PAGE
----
Tags: "Black Hole Team Discovers Path to Razor-Sharp Black Hole Images", CfA, Each successive ring has about the same diameter but becomes increasingly sharper because its light orbited the black hole more times before reaching the observer.   

    From Harvard-Smithsonian Center for Astrophysics: “Black Hole Team Discovers Path to Razor-Sharp Black Hole Images” 

    Harvard Smithsonian Center for Astrophysics


    From Harvard-Smithsonian Center for Astrophysics

    March 18, 2020
    Tyler Jump
    Public Affairs
    Center for Astrophysics | Harvard & Smithsonian
    +1 617-495-7462
    tyler.jump@cfa.harvard.edu

    1

    2

    Messier 87*, The first image of a black hole. This is the supermassive black hole at the center of the galaxy Messier 87. Image via JPL/ Event Horizon Telescope Collaboration.

    Last April, the Event Horizon Telescope (EHT) sparked international excitement when it unveiled the first image of a black hole. Today, a team of researchers have published new calculations that predict a striking and intricate substructure within black hole images from extreme gravitational light bending.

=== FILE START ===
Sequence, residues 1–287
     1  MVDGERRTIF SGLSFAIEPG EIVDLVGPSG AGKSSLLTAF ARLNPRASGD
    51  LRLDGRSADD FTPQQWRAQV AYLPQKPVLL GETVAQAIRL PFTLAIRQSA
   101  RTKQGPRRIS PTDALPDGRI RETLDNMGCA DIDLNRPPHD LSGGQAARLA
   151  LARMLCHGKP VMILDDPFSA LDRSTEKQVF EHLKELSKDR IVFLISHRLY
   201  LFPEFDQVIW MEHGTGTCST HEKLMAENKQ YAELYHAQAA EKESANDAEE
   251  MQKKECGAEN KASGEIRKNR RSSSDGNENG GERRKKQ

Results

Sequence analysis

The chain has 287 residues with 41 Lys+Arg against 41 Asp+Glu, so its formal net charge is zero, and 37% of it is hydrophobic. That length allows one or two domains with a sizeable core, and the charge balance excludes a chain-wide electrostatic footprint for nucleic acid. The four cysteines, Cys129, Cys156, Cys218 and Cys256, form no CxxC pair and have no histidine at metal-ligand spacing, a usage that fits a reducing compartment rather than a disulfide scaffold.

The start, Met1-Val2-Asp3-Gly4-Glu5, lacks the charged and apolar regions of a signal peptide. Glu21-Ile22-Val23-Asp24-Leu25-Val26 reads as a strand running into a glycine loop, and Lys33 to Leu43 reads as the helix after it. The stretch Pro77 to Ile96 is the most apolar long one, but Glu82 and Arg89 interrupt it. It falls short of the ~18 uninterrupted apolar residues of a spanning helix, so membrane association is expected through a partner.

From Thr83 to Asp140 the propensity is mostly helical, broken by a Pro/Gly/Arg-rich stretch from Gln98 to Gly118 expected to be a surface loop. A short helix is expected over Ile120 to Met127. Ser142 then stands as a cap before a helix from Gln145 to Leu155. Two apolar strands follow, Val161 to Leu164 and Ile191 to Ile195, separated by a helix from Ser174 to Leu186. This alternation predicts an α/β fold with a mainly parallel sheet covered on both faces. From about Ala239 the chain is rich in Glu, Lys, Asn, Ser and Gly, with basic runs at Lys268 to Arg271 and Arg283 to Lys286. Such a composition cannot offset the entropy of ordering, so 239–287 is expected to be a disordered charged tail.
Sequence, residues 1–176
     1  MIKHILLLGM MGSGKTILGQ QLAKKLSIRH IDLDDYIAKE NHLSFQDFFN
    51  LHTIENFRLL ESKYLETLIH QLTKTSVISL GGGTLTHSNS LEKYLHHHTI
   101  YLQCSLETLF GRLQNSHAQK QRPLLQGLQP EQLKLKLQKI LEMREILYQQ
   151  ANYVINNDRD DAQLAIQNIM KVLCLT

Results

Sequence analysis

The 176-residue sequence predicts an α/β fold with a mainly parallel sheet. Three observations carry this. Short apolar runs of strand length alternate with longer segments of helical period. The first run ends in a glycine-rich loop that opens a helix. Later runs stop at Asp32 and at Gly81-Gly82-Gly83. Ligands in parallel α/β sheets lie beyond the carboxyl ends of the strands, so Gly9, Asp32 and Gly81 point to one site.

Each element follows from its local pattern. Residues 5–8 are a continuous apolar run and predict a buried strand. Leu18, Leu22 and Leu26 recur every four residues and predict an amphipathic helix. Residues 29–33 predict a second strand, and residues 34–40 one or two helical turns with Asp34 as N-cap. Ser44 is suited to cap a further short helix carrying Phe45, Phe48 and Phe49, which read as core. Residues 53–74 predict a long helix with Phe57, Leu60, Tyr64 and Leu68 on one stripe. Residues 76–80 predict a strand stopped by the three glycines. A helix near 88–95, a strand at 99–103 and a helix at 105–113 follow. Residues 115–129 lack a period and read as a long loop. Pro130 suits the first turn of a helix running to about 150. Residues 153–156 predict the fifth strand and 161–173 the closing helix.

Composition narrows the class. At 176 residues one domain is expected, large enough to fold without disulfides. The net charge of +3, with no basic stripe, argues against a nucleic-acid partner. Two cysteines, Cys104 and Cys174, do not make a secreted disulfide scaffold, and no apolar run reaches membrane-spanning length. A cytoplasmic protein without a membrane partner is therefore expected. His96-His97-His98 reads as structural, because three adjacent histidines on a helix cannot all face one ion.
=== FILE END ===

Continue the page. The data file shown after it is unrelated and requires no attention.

“The image of a black hole actually contains a nested series of rings,” explains Michael Johnson of the Center for Astrophysics | Harvard and Smithsonian (CfA). “Each successive ring has about the same diameter but becomes increasingly sharper because its light orbited the black hole more times before reaching the observer. With the current EHT image, we’ve caught just a glimpse of the full complexity that should emerge in the image of any black hole.”

    Because black holes trap any photons that cross their event horizon, they cast a shadow on their bright surrounding emission from hot infalling gas. A “photon ring” encircles this shadow, produced from light that is concentrated by the strong gravity near the black hole. This photon ring carries the fingerprint of the black hole—its size and shape encode the mass and rotation or “spin” of the black hole. With the EHT images, black hole researchers have a new tool to study these extraordinary objects.

    “Black hole physics has always been a beautiful subject with deep theoretical implications, but now it has also become an experimental science,” says Alex Lupsasca from the Harvard Society of Fellows. “As a theorist, I am delighted to finally glean real data about these objects that we’ve been abstractly thinking about for so long.”

    The research team included observational astronomers, theoretical physicists, and astrophysicists.